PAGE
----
While medical errors remain a persistent problem generally, the instances of medical errors involving Medicare patients is simply alarming. The Office of the Inspector General of the Health and Human Services has reported that only 1 in 7 medical errors are actually reported. Additionally, HHS found that 130,000 Medicare patients experience an “adverse event” in a hospital setting each month.
Now, some will argue that the under reporting stems from medical professionals’ fear of medical malpractice lawsuits, a recent NY Times article exposed this as untrue. Daniel R. Levinson, Inspector General of the Health and Human Services Department concluded that medical errors concerning Medicare patients results far more often from a)lack of understanding of what constitutes patient harm, b)these harmful events should be reported, and c)assuming others will report the issue.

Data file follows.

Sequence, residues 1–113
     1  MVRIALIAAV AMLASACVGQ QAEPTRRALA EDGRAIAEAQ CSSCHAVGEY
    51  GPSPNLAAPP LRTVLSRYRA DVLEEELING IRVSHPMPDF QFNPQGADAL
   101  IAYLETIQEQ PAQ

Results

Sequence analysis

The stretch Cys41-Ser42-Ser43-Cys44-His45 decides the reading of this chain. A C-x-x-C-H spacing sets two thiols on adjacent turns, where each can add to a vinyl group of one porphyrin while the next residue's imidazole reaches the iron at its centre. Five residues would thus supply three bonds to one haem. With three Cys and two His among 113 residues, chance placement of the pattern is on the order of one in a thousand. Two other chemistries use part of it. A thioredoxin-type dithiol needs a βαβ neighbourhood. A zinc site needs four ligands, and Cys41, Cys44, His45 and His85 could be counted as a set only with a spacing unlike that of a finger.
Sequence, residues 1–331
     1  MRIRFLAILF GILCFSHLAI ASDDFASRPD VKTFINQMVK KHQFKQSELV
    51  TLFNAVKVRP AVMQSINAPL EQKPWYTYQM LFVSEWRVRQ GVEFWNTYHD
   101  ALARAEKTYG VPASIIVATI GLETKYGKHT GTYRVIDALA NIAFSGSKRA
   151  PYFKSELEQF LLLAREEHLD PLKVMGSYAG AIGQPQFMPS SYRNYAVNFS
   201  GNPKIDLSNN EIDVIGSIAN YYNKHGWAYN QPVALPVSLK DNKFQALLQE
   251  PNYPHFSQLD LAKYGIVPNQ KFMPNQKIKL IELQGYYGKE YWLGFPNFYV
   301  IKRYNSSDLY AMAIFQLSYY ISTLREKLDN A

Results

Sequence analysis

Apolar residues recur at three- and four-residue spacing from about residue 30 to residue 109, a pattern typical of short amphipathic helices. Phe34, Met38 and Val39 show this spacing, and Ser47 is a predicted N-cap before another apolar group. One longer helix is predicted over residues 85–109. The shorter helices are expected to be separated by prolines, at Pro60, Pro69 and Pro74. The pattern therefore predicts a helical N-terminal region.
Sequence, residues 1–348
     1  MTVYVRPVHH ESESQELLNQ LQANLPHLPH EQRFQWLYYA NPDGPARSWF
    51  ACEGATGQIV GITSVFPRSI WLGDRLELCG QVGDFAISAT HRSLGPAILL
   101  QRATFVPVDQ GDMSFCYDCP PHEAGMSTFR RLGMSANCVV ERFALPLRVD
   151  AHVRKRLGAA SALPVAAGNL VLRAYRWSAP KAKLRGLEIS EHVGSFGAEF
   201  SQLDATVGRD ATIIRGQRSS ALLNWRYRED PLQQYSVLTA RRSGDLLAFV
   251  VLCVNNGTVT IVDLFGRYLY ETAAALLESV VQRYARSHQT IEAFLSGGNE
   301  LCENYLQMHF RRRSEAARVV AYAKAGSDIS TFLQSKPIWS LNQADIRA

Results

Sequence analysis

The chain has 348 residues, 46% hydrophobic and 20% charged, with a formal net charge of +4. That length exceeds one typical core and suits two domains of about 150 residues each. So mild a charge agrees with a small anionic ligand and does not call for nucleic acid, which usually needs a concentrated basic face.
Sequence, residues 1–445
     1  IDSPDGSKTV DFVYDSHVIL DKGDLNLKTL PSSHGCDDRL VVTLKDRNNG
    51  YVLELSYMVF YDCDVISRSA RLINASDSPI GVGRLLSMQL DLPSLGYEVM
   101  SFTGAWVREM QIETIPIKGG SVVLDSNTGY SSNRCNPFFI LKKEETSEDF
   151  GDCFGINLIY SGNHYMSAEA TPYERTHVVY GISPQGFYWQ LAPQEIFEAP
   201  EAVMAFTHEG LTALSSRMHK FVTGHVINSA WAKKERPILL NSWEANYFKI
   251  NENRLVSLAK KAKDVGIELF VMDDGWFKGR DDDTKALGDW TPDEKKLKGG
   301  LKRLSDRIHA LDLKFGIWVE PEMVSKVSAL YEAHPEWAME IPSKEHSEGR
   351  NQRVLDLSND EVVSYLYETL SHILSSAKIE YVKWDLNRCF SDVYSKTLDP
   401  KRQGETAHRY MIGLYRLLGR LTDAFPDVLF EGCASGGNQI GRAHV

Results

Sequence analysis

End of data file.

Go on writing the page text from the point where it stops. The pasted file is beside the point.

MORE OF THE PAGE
In other words, the lack of reporting is an issue of education and complacency. All medical personnel should be taught about the effects of medical errors, especially for the Medicare population. Secondly, these same healthcare workers must be shaken from their complacency in treating an “adverse event” as “no big deal”. Patient safety and concern for a fellow human being must be paramount. It’s apparent from these findings that that is not the case.
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